Let’s get something out of the way early. The most important thing to know about any horror film is, unsurprisingly: is it scary? Make no mistake, “Annabelle” is more than just a paint-by-numbers horror, at times it’s downright terrifying. So much so in fact that it was quite difficult to write this recap of the entire experience. Shamefully, I spent most of my time in the cinema too spooked to pay proper attention to the film.
So if cheap scares are what you’re looking for, you might as well skip the rest of this article and start watching now, as Annabelle has plenty.
Jump scares aplenty
Set in the late 60s, Annabelle, the prequel to last year’s (vastly superior) horror hit “The Conjuring“, draws on the familiar themes of satanic panic and maternal neuroses to create a film which evokes a complementary mix of fear and paranoia.
While the idea of a possessed doll as the trigger for a horror film has well and truly been done before (notably in Child’s Play and the numerous Chucky sequels that followed), as has the use of the distressed housewife as protagonist, Annabelle succeeds as a result of solid acting, clever directing, and the clichés it avoids.
Director James Leonetti earns serious points here for eschewing the easy path of blood and gore, choosing to instead highlight psychological fear over physical horror. Leonetti was the cinematographer on The Conjuring and knows how to use a camera in unexpected ways; successfully employing long tracking shots, camera tilts, and shadows in order to craft simple but effective scenes that are steeped in slow-burning, spine-tingling, menace.
Sure, there are plenty of cheap, and let’s ne honest, flat-out derivative, ‘jump-scares’ throughout the film, but they are well paced and thoughtfully lensed, helping to ensure that they are guaranteed to stay with you for a long time. Let’s just say that you might want to avoid visiting your basement for a while.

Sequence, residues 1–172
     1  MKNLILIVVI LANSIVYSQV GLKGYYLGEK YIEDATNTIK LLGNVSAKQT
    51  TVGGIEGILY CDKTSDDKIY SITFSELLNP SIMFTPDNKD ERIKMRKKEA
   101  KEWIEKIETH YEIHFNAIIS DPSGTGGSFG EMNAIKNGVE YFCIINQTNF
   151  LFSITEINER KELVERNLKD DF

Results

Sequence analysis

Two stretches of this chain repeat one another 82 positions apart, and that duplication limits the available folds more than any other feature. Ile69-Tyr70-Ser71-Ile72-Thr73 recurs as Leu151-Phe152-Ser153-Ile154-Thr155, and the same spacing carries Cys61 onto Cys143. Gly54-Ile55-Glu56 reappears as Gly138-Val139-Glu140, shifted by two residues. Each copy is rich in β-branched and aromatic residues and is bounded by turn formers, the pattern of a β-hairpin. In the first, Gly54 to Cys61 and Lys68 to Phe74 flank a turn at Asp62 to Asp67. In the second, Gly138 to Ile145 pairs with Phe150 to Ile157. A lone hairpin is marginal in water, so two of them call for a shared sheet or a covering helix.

For a film that relies so heavily on its actors to carry forward the narrative, it’s a shame that most don’t repay the directors faith. The film does its best to conceal the underpopulated, largely-unqualified cast, with Ward Horton’s performance, in particular, generates stink lines around it.
Annabelle Wallis fares better with her portrayal of Mia, the film’s distressed protagonist. Her performance evokes enormous empathy and in many ways harks back to the classic Hitchcock heroine. You’ll quickly find yourself rooting for the character while fearing the horrors that will likely befall her.
Plot-wise, much of the films action is derived from the bond between mother and child (exploring both its strength and vulnerability) and the constant menace which threatens the duo. While this territory is a classic horror trope and has been well mined by countless better films including Rosemary’s Baby, which the films shrewdly references, Leonetti’s astute direction ensures that this isn’t as much of an issue as it could have been.
In Annabelle, we have a demonic possession film that doesn’t really on special effects or feature an exorcism and doesn’t treat its characters as little more than props. Even the approach to its titular character — the Annabelle doll — is rather novel, though a little disappointing.
At first look, you half expect the doll spring to life in a Chucky-esque rampage. Instead, what we get is a doll, which while undeniably menacing, is arguably irrelevant to the plot. By making Annabelle a conduit of evil instead of evil incarnate, the movie effectively rescinds its invitation to revel in the irrational but endearingly human fear of dolls sprouting to life, supplementing it to abstraction – nullifying it, really – with a run-of-the-mill soul-snatching demon.
Put bluntly, it does little more than look incredibly creepy and you could effectively drop most of the films scares into Paranormal Activity and not notice the difference.
- Sufficiently Scary
- Interesting Cinematography
- Solid Directing
- Wholly Derivative
- Weak Acting
- Underwhelming Antagonist